For years we have been told by our largest ALS organization that disease prevalence is the "gold standard" by which the public sector measures the relative impact of diseases. That's just the way it is.
Questions from Congresspeople or Senators about constituents with ALS are typically answered with a logical guess based on a number that has been couched and hedged for years -- "As many as 30,000 Americans have the disease at any moment in time." Carefully worded, eh?
Everybody knows somebodies who lost somebodies to ALS. Oh, it's so easy to want that prevalence number to be higher so that ALS will rank higher on America's priority list.
That's a red herring -- a big stinky red herring.
We believe that as many people are diagnosed with ALS as MS every year. That's incidence.
The number of people living with ALS at any moment (prevalence) is a tiny fraction of those living with MS. What happened to all the people who were diagnosed with ALS? Hint: It's not good.
Does smaller prevalence make ALS a smaller problem than MS? Heavens, no! It makes it a much deadlier problem.
High incidence and smaller prevalence form a toxic combination. If you only look at prevalence, you are missing the boat. Low prevalence does not make ALS a small problem. It makes ALS a huge problem.
So as the ALS Registry numbers unfold, we'll probably find in the data that there are far fewer than 30,000 people living with diagnosed ALS at any moment in the US. Should we avoid that low-prevalence fact? We need to stop leaning on a shaky prevalence guess that feels good for fundraising and speak to the data. High incidence paired with even smaller prevalence mean that we have a large, urgent problem.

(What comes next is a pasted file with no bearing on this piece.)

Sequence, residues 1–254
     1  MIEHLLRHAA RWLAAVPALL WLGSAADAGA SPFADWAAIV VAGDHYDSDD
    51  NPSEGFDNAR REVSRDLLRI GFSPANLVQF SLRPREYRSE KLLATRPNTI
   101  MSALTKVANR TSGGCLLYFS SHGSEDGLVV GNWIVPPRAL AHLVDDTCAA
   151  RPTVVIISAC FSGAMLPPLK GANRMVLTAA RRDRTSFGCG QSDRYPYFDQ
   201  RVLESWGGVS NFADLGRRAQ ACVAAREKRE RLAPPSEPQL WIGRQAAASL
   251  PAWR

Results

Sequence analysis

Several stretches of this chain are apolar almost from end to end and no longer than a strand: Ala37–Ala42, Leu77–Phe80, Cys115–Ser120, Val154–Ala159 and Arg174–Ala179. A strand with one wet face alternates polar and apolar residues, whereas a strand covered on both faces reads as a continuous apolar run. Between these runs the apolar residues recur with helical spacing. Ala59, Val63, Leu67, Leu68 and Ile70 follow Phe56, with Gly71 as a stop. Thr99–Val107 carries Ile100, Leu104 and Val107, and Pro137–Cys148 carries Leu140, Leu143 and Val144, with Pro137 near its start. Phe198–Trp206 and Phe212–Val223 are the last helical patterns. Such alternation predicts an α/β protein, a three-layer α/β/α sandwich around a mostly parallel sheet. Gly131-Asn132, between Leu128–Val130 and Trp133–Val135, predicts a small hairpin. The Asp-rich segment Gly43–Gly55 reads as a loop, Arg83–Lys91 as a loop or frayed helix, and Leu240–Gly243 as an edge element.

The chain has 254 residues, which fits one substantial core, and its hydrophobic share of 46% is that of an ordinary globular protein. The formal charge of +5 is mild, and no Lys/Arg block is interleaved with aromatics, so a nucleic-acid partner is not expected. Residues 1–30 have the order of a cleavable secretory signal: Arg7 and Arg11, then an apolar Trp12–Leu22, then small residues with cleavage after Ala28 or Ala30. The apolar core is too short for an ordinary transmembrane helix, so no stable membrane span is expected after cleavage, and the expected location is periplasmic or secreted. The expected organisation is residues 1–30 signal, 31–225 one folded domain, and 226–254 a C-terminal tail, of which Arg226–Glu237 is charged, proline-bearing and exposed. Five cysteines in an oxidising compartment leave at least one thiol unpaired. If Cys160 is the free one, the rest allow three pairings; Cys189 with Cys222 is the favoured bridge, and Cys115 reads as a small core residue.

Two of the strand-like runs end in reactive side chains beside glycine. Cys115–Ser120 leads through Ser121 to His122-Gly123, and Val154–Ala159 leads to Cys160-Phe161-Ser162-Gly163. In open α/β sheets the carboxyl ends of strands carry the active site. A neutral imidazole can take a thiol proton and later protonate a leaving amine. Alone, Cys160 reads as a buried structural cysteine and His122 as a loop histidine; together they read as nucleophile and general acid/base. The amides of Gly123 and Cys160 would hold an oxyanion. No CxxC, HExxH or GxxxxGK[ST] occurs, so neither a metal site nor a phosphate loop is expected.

This troubling ramble that worships the red herring is from the report of the CDC's 2012 ALS Registry Annual Meeting at http://wwwn.cdc.gov/als/Download/2012%20ALS%20Annual%20Meeting%20Summary%20Report.pdf
[Hat tip to The ALS Battlefield for all his work.]While he did not want to hide information, it could possibly come out that there are not 30,000 peoplewith ALS and that it is much lower. There would be a lot of negative connotation about what thisall means if there is a map with people in each state. He could hear appropriators andCongressman saying, “You only have 2 people in the whole State of Texas who have thisdisease?” He thought it was very important that consideration be given to everything in terms ofresearch projects, because the intention was never to figure out the number of people who havethe disease. If incidence is higher in one state, that is important. While they should not hideinformation, they should also not be distributing information that could be damaging to theresearch tool they wanted to create, particularly in a budget-conscious environment. That couldhurt the overall goal of finding a treatment and cure.